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My core file claims that a SIGFPE was thrown from


on line 176. This is here:

  template<typename _InputIterator, typename _Distance>
    inline void
    advance(_InputIterator& __i, _Distance __n)
          // concept requirements -- taken care of in __advance
176---->  typename iterator_traits<_InputIterator>::difference_type __d = __n;
          std::__advance(__i, __d, std::__iterator_category(__i));

this is inside another function I have that is indeed calling advance surrounding by code that isn't doing any floating point arithmetic. The code is compiled with optimizations (but has debugging symbols), so things may be a big obfuscated.

Is my core file just telling me complete nonsense or is there a way this could make sense?

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SIGFPE doesn't necessarily correspond to floating-point arithmetic: – Oliver Charlesworth Nov 16 '10 at 20:50
Could you show the bt full output? – Nikolai N Fetissov Nov 16 '10 at 20:50
@Oli thanks to pointing me to look at general math bugs, not just floating point ones. It turns out % 0 can raise SIGFPE too. – pythonic metaphor Nov 17 '10 at 19:19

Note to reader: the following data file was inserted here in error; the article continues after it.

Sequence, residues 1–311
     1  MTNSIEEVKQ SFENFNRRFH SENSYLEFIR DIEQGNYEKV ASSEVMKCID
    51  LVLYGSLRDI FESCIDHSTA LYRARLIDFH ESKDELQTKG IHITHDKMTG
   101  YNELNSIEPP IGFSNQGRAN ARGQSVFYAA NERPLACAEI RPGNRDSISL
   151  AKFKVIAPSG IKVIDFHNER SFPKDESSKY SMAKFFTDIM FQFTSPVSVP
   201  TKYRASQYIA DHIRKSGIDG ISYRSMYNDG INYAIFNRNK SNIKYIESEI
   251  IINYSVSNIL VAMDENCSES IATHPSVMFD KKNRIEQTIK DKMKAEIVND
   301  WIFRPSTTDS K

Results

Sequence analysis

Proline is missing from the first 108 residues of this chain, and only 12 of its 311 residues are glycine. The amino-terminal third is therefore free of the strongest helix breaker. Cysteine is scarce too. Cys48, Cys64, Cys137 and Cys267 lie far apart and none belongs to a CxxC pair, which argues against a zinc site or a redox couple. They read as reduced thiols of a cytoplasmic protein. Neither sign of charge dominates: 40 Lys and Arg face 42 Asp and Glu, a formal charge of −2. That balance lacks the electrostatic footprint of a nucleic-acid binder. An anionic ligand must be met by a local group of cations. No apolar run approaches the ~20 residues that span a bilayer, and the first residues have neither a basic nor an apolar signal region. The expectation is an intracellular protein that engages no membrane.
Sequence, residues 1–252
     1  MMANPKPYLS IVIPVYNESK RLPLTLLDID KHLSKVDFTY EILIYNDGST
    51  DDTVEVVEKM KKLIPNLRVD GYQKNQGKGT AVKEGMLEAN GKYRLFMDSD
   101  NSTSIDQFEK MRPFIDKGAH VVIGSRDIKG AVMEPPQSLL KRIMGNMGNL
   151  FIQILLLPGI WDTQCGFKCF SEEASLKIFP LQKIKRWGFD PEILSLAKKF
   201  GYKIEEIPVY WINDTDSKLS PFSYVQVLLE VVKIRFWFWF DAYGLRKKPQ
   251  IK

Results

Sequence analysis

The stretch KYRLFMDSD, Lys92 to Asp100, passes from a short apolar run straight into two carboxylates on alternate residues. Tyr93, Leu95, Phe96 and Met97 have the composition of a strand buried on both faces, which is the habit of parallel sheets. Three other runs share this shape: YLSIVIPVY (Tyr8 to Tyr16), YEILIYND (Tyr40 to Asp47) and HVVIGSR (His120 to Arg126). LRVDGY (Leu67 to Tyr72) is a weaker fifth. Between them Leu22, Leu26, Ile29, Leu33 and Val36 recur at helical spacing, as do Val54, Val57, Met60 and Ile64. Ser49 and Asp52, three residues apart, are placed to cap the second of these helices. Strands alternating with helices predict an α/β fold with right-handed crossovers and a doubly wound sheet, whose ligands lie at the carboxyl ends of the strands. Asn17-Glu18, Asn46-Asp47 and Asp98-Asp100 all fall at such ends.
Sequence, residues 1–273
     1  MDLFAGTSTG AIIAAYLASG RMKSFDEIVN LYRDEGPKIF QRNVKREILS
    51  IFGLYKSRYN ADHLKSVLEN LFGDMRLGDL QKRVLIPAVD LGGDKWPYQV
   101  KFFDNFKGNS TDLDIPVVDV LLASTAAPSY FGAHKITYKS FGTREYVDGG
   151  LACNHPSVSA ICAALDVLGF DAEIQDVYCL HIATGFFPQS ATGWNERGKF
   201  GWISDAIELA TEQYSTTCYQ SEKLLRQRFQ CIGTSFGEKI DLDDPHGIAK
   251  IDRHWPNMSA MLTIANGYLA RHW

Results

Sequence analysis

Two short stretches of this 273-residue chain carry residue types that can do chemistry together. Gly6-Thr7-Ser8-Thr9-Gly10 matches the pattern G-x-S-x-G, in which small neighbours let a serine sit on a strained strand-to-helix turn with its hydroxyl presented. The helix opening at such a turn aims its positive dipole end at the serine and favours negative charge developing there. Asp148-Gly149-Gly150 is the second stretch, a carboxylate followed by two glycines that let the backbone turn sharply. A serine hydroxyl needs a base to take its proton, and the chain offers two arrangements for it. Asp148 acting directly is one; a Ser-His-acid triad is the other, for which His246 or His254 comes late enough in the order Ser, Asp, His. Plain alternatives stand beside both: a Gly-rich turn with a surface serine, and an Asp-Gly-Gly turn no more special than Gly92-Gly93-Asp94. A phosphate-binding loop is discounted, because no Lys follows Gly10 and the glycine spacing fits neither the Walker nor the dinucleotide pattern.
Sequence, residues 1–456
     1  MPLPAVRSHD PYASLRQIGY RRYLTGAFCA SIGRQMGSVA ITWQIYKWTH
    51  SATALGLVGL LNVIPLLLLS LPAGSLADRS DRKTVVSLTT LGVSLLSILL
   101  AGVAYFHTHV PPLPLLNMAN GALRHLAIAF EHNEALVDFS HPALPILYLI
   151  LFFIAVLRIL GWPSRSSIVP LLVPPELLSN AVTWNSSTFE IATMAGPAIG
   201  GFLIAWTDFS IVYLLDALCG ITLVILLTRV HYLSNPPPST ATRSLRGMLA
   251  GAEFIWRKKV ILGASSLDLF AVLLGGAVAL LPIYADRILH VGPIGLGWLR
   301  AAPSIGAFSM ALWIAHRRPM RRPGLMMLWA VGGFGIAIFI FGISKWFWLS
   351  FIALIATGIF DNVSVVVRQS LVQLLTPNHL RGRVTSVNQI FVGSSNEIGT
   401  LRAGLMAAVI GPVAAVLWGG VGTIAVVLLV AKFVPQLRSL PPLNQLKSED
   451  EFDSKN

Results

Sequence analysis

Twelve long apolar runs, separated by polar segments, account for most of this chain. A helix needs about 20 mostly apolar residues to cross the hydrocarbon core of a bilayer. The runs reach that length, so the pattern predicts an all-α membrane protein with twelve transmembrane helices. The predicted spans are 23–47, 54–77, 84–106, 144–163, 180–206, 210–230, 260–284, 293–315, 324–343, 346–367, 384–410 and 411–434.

up vote 2 down vote accepted

In answer to my own question, what happened is that optimizer took code that looked like this:

int which = RANDOM % somecontainer.size();
std::advance(it, which);

and combined them. This is why it appears the signal was raised from inside std::advance. Following Oli's comment, SIGFPE can occur when you take the modulus with respect to 0, even though it isn't a floating point operation. There was a different bug which allowed somecontainer to be empty in a corner case.

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